Web Apps publish parameters set to clean all existing files in the webapp folder. So if you have a previous webjob published, it will be deleted and you need to republish the web job.

To publish the dashboard project you use the similar publish steps and select the Dashboard WebApp in the Arm template created empty WebApp project list. Also you have to enter authentication Active Directory (AD), so only the users defined under this AD will be able to access the Dashboard webpage.

** WebJobBillingData Project:**

Update the corresponding parameters in App.config file with the ones in the Powershell script output. This webjob project is created as a continuous webjob type. So it will always run in the background and in case there is a message in the storage queue, it will trigger a specific function in the project. So if you update the “ida:QueueBillingDataRequests” parameter in the config files, you have to update the function signature with new parameter value which has to be static coded in the function.cs file of the WebJobBillingData project as:

public static void ProcessQueueMessage([QueueTrigger("billingdatarequests")] BillingRequest br)

The WebJobBillingData App.config file is also where you'll specify what offer code should be used for calculating billing costs. You can view a list of Azure Offer Codes and then enter that code in for the "ida:OfferCode" value. You are also able to specify the Currency, Locale, and RegionInfo here. Important to note is that the website displays the offer number's which are most likely preceded by MS-AZR- so, the offer code for pay-as-you-go ends up being MS-AZR-0003P. Also IMPORTANT to note is that currently, it is not possible to specify different offer code's or currency per subscription.

To publish the WebJobBillingData webjob project, right click on the project name in the solution explorer and click on the Publish as Azure WebJob... menu item.

You can follow the similar steps publish the webapps above. We prefer to publish all webjobs under the Dashboard webapp as it will have enough resources to handle all workloads (it will probably have less network traffic, etc.)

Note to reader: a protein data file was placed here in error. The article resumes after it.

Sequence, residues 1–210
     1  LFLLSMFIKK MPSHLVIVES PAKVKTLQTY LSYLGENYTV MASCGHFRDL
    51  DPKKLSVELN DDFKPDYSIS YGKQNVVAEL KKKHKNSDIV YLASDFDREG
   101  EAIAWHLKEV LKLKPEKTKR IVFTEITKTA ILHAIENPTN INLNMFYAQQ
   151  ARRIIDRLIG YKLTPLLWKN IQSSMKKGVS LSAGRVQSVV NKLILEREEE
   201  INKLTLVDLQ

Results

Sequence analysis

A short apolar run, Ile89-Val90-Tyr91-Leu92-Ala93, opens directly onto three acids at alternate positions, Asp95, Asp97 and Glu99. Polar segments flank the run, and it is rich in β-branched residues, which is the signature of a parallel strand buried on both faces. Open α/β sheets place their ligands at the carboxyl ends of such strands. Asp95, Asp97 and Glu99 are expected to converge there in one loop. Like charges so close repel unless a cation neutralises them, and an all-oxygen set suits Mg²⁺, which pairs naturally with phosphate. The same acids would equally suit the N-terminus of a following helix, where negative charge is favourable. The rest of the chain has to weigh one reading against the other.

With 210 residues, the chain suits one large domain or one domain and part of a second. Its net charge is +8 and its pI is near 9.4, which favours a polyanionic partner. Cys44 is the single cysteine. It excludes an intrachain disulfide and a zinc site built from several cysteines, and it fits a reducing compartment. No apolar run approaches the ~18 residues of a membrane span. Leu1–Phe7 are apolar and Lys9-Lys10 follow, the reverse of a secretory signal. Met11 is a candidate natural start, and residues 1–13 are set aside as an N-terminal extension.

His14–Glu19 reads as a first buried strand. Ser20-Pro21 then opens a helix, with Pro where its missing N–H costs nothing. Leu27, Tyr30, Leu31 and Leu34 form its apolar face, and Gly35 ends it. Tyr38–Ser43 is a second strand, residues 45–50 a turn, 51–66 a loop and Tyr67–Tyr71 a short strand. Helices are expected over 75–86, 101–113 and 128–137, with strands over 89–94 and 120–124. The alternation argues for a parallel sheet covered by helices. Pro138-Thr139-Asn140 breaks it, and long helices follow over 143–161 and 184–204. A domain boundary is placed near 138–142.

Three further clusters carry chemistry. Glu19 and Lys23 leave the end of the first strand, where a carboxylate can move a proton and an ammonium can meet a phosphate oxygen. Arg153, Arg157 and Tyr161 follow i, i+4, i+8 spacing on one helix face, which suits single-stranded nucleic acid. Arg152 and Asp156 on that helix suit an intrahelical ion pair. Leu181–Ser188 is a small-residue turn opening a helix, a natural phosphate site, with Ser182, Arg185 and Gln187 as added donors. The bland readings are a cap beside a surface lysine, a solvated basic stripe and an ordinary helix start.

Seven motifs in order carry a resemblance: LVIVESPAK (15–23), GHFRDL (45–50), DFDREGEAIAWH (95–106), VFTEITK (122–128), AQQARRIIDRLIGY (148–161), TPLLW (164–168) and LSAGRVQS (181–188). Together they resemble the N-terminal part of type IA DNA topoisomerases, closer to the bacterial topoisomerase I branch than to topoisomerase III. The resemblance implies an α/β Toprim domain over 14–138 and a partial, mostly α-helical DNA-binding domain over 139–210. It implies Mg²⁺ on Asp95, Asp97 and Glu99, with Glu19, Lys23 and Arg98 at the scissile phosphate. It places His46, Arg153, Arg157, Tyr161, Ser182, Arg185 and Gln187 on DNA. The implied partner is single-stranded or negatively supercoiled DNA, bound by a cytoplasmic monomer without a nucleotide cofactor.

WebJobUsageDaily Similar as WebJobBillingData project parameter settings. This webjob type is scheduled. You can set the schedule in App.config file (JobDailySchedule param) or using App Service "Application settings" page. Note that for Web Job in order to run on schedule App Service "Always On" option needs to be activated, which requires Standard or Premium service plan.

Publishing this webjob on Azure will be the same as the previous webjob.

PowerBI Report

You need to download and install the PowerBI desktop application from https://powerbi.microsoft.com/en-us/desktop. Once you have it, you can open the AUIDashboard.pbix file to modify the existing report and publish it to PowerBI online (you a need PowerBI Online account or can create 1 month trial). When you open the AUIDashboard.pbix file, initially you will see many errors like "Fix This" as there is no data, as there is no data connection set.

Before publishing you need to update the SQLServer connection parameters. Once you set this connection parameters correctly, you will see something similar or a blank report as below. To make the changes, follow these instructions:

  • In the PowerBI Desktop, open the file ABIDashboard.pbix and click EditQueries button

  • In the new window, click “Data Source Settings” to make required Database name, SQL Server password updates, etc.

  • Click on "Change Source...", In this new window you will need to put your Server Name and Database name. You can find these in the PowerShell output inside the connectionstring ASQLConn. Once it's once it's done, click Ok.

  • Next step is to set the credential. Click on "Edit Permissions", then "Edit", and "Database". Now, again from the PowerShell output copy-paste the username and password; by default it was mksa and Password.1%. Once it done, save and close to get back at Query Editor Windows.

  • From the left Queries list, right-click on "AzureUsageRecords" and select "Enabled Load". Then click one the "Close & Apply" button on the top left of the window. You should see a Temporary popup "Apply Query Changes" for few seconds.

  • Now the report should show-up but still needs few fixes because 3 measures are in Error. Thankfully, it's easy to fix.